MII-arrested oocytes were collected from hormonally primed (Hogan et al., 1994) 4- to 6-wk-old CD1 female mice (Charles River, Calco, Italia) 15 h after hCG (Sigma Chemical Co.) injection. Ovulated oocytes were freed from cumulus cells by a brief incubation in 0.5 mg/ml hyaluronidase (Sigma Chemical Co.) in M2 medium (Hogan et al., 1994), washed with M2 medium, and then immediately processed for microinjection as described (Sette et al., 1997). Groups of 20 MII oocytes were transferred to 50-μl drops of M2 under mineral oil (Sigma Chemical Co.) and subjected to intracytoplasmic injections using a Nikon invertoscope (Nikon Corp., Tokyo, Japan) equipped with Hoffman modulation contrast optics (Modulation Optics, Inc., Greenvale, NY) and two Leitz mechanical micromanipulators (Leica AG, Heerbrugg, Switzerland). A quantification of the approximate volume of solution microinjected into a single oocyte, was performed in repeated experiments as follows: a known amount of injection solution (usually 100 pl) was drawn in the injection pipette and used completely for a series of microinjections under the same routinary conditions. The average number of oocytes microinjected with 100 pl of solution was 17. Considering the loss of small amounts of solution between injections, the injected volume per oocyte was ∼5 pl. After injection, surviving oocytes were cultured at 37°C in M16 medium (Hogan et al., 1994) under a humidified atmosphere of 5% CO2 in air for ≤7 h, and then scored for pronuclei formation by phase-contrast microscopy. To confirm the score, in most experiments eggs were fixed in 4% PFA in PBS 7 h after the injection, and stained with 10 μg/ml Hoechst 33342 (Sigma Chemical Co.) for 5 min. After five washes in M2, eggs were mounted in 30% glycerol in PBS on glass slides with coverslip compression, sealed, and then analyzed by fluorescence microscopy.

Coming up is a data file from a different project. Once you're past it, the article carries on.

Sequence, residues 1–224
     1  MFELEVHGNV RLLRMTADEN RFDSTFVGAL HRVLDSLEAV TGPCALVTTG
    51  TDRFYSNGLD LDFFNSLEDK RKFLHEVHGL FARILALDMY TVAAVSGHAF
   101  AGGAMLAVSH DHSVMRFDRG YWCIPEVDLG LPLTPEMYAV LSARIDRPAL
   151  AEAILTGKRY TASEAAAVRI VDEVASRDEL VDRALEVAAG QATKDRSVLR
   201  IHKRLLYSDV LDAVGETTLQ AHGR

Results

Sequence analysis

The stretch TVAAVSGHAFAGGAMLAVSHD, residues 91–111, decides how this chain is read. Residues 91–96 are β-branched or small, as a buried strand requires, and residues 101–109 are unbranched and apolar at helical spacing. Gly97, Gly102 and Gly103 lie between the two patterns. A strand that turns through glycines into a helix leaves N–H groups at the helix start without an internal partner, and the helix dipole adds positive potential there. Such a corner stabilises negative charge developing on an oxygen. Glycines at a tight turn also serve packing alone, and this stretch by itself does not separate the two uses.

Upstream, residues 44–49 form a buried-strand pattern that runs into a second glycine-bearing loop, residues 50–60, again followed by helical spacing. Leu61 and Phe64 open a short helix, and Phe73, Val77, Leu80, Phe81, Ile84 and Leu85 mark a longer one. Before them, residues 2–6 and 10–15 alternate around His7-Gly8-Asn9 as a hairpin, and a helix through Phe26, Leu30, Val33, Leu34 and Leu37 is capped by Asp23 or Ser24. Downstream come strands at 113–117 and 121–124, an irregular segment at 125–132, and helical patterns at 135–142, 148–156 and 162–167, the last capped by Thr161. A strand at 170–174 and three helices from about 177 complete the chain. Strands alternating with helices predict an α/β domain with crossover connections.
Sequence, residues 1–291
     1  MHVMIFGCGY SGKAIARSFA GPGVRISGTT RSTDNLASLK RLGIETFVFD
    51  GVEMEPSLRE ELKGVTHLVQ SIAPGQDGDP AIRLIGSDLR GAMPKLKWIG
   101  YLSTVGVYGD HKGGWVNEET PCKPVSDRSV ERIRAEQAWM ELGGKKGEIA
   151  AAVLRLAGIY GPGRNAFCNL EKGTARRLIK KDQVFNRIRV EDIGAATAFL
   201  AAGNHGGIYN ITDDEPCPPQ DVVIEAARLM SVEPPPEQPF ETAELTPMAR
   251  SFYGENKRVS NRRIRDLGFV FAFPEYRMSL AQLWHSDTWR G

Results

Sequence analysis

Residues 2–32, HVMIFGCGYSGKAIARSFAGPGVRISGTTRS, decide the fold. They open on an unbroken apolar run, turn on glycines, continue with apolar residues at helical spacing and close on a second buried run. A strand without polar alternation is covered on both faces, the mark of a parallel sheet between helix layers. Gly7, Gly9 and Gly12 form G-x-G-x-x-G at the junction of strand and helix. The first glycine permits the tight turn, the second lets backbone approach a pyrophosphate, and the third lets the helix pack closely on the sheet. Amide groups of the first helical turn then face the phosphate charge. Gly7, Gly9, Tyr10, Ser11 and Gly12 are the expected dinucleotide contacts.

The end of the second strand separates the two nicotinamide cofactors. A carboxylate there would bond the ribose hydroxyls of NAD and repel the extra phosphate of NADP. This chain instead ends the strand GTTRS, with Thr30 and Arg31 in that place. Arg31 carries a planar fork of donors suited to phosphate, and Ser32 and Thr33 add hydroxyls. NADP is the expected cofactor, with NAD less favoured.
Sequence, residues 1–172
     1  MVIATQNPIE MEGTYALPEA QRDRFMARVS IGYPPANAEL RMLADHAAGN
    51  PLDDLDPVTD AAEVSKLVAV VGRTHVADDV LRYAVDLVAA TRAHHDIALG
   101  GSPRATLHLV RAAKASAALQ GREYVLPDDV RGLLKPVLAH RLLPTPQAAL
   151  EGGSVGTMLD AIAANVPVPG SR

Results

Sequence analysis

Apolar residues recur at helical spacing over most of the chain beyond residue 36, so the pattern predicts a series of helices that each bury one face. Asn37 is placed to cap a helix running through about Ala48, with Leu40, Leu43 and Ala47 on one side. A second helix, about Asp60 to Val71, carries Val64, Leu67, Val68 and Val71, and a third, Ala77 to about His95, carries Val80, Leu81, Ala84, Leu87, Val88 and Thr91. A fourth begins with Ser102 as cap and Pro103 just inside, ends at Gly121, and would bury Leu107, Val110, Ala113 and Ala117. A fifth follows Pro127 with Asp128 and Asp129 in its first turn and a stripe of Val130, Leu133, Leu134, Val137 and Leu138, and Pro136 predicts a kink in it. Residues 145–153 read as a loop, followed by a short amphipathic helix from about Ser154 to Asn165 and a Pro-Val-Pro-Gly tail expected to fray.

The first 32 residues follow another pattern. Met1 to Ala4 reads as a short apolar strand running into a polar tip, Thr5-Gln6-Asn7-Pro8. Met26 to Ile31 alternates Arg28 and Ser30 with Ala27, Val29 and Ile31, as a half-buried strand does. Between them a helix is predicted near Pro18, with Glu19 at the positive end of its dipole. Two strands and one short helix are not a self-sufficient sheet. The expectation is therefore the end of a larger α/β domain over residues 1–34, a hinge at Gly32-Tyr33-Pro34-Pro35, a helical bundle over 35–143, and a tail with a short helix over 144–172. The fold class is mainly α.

For cortical granule staining, microinjected eggs were fixed after 1–4 h, and processed as described below.
Cortical Granule and Chromosome Staining
1–4 h after microinjection, cultured oocytes were freed from the zona pellucida by acidic tyrode solution (Hogan et al., 1994) and fixed in 4% PFA in PBS for 30 min at room temperature. After three washes in M2 (blocking solution), oocytes were incubated with 0.1% Triton X-100 in the same medium for 5 min and transferred to blocking solution for 60 min at room temperature. Oocytes were then treated for 60 min at room temperature with 0.1 mg/ml TRITC-labeled lectin from Lens Culinaris (Sigma Chemical Co.) in blocking solution (Ducibella et al., 1988), washed four times for 5 min in blocking solution, incubated for 5 min with 10 μg/ml Hoechst 33342 dye in blocking solution, and washed again. Oocytes were then mounted in 30% glycerol in PBS as described above and analyzed by fluorescence microscopy.
Glutathione-S-Transferase–PLCγ1 Fusion Proteins and Antibodies Used in Microinjection Experiments
The glutathione-S-transferase (GST)-encoding plasmid pGEX3X was obtained from Pharmacia Biotech, Inc. (Piscataway, NJ). Plasmid DNAs encoding for GST fusion proteins of bovine PLCγ1 SH2–SH2 and human PLCγ1 SH3 (see Fig. 3) in pGEX2T′6 were a kind gift from S. Courtneidge (Sugen, Inc., Redwood City, CA).
Affinity-purified GST-PLCγ1 SH region fusion protein (GST-PLCγ1-SH2SH2SH3) (No. sc4019), and GST-Grb2-SH3 (residues 156–199; No. sc4036) were obtained from Santa Cruz Biotechnology (Santa Cruz, CA). Control GST protein, GST-PLCγ1 SH2-SH2, and GST-PLCγ1 SH3 fusion proteins were produced as described by Gish et al. (1995), affinity purified on glutathione Sepharose, extensively dialyzed against PBS, and concentrated to 10 mg/ml using a 10-kD cutoff Centricon (Millipore Corp., Bedford, MA). Protein concentration was determined according to Bradford (1976) using BSA as a standard.